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An initiative of Earthwatch Institute

  1. 117 Hardenbergia comptoniana with Apis mellifera photo by Clare Snowball
  2. 117_0 Photo by Rich Weatherill
  3. 117_1 Closed seedpods photo by Rich Weatherill

Native Wisteria

Hardenbergia comptoniana

Appearance

  • Twining shrub or climber.
  • Size: varies depending on supporting plants of structures it is growing on.
  • Leaves: 3 and sometimes rarely 5 foliate. Leaflets are 4 – 6 cm long.
  • Flowers: blue to purple and in some cases white.  Typical "pea" shape consisting of 5 petals; the "standard", the "keel" (2 fused petals) and two "wings". Flowers are in an often drooping, elongate cluster
  • Fruit/seed: an explosive pea-like pod.

What to Observe

  • First fully open single flower
  • Full flowering (record all days)
  • End of flowering (when 95% of the flowers have faded)
  • Open seed pods (record all days)

ClimateWatch Science Advisor

We expect plants to start shooting and flowering earlier in the year as a result of climate change warming the Earth. They may also start appearing in new areas, as warmer temperatures enable them to live in environments that were previously too cold for them.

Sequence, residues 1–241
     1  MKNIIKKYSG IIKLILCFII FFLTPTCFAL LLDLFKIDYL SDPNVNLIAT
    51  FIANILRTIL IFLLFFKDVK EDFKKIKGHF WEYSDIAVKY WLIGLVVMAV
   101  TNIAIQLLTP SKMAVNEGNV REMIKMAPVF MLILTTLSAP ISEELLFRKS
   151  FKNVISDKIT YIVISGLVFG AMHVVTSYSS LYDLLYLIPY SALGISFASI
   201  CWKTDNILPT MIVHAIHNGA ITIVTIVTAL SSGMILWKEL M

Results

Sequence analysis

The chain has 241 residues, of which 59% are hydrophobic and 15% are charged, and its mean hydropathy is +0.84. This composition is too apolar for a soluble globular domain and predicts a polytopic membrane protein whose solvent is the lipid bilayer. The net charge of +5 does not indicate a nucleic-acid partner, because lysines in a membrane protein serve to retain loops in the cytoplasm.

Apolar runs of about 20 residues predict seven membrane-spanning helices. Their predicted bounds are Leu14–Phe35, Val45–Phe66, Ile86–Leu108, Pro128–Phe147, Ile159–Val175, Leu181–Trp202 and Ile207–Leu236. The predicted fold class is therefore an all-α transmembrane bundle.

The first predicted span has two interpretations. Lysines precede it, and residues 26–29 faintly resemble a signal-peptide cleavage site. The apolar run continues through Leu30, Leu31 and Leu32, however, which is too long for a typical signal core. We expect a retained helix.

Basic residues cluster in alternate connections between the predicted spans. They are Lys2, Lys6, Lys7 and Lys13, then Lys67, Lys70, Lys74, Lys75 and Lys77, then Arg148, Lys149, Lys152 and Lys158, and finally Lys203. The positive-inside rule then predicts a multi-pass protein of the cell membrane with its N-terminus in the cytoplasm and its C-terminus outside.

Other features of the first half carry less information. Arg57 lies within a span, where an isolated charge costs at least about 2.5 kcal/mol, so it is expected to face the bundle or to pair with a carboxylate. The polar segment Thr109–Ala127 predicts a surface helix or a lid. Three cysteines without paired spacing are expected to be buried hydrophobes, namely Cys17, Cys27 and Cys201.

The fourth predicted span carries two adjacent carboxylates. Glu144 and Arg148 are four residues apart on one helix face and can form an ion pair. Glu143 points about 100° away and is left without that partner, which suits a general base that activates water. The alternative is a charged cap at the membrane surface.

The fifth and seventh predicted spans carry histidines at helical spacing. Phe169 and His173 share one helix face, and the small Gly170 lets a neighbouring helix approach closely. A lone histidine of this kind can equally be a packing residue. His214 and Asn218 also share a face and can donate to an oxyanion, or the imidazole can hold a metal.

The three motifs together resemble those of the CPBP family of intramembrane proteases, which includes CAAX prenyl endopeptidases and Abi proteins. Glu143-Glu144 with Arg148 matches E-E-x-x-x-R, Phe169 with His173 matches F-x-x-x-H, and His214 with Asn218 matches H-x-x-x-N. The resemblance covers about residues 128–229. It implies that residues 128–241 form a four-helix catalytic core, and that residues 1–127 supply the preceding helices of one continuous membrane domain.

When To Look

  • Flowering from July to October
  • When the seeds are mature the dry, pea-like pods open explosively with a loud crack, throwing the seeds many metres. Listen for exploding Hardenbergia pods on hot summer days

Where To Look

  • Near the coast of south-west WA and in NSW.
  • Ranging from just south of Geraldton to Albany in WA.
  • Central NSW.
  • Look in Sandy soils near coastal limestone, sandplains and dunes.

References

Nevill et al. 2005. Guide to the Wildlife of the Perth Region. Simon Nevill Publications, Perth, Western Australia.

  1. Search Species

  1. What Else?

    Hardenbergia violacea is native to south-eastern Australia and only has one leaflet while Hardenbergia comptoniana is native to south-western Australia (and is introduced to parts of NSW) has 3 or sometimes 5 leaflets.

  1. Did You Know?

    Hardenbergia after Franziska Countess von Hardenberg.

    Comptoniana after Mary, 1st Marchioness of Northampton whose husband was Charles Compton.

    When the seeds are mature the dry, pea-like pods open explosively with a loud crack, throwing the seeds many metres. Listen for exploding Hardenbergia pods on hot summer days